Comments from Frankston, Reed, and Friends
Friday, January 10, 2003
BobF at 9:52 PM [url]:
Two stories on coming to terms with the Internet
Two interesting articles in the New York Times (Jan 10, 2003)
As much as I dislike spam (after all, isn't advertising just a form of spam?) there is a value in such indirect sponsorship in situations where you cannot direct payment. The problem is that the current "content" industries, Hollywood and the music industry have gotten used to being to charge directly for their products. The new technologies are challenging their ability to keep tight control over their content bits and they are working hard on trying to maintain that control even if it threatens our ability to innovate and create new technologies.
BUSINESS / MEDIA & ADVERTISING | January 10, 2003
This is just one example of responding to the new realities and loss of control. Those who refuse to adapt to the new realities of the marketplace will indeed suffer as it becomes more difficult to maintain control over content. As this story demonstrates, we needn't sacrifice our ability to create new technologies and new economic value simply to preserve a particular business model that is under threat.
Unfortunately, many of those who claim to be most pro-business really don't believe in the marketplace and view business as a static, not a dynamic process. There is no shortage of new entrants ready to seize upon the opportunities provided by change. Listening only to the demands of those who are most threatened is not just a poor way to set policy, it actively discriminates against those who can bring us the most innovation and the most new value.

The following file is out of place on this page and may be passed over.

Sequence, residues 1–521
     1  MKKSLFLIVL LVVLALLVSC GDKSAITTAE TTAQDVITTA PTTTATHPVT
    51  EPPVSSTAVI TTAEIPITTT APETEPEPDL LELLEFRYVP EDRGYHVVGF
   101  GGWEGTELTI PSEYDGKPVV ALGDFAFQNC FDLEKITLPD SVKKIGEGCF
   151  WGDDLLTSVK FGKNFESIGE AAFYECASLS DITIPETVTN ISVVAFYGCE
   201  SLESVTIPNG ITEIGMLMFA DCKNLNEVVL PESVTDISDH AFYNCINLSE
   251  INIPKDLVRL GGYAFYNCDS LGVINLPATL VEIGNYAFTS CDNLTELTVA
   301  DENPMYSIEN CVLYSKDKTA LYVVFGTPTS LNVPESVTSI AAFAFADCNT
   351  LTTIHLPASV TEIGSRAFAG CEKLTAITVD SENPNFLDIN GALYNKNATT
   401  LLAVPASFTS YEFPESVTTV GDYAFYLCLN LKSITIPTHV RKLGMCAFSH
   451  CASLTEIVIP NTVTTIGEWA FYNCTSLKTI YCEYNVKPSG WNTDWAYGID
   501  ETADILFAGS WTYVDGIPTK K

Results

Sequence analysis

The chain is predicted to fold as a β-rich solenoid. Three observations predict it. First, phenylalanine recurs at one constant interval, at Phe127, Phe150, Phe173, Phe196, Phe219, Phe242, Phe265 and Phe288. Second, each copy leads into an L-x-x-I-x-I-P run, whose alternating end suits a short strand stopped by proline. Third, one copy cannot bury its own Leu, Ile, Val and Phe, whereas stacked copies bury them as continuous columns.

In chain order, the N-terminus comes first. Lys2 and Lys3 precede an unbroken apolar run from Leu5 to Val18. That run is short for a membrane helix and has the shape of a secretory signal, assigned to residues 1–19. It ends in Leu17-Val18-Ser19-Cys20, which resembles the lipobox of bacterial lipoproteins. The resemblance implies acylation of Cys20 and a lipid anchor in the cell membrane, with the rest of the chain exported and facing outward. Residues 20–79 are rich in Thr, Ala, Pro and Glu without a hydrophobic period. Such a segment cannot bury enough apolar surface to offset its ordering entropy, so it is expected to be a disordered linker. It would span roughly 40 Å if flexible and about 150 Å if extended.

The e-rate was implemented with the best of intentions. It is a charge (we mustn't use the word "tax") on phone service and the money is supposed to help schools get connected to the Internet. Though both the telephone and the Internet seem to fall under the general category of "telecommunications" there is no special reason (other than to avoid the "T" word) to associate the use of one with the other and that is one source of the problem. In order to make the charge more palatable one needed to make the spending rules acceptable to the incumbent phone companies and favor "approved" providers.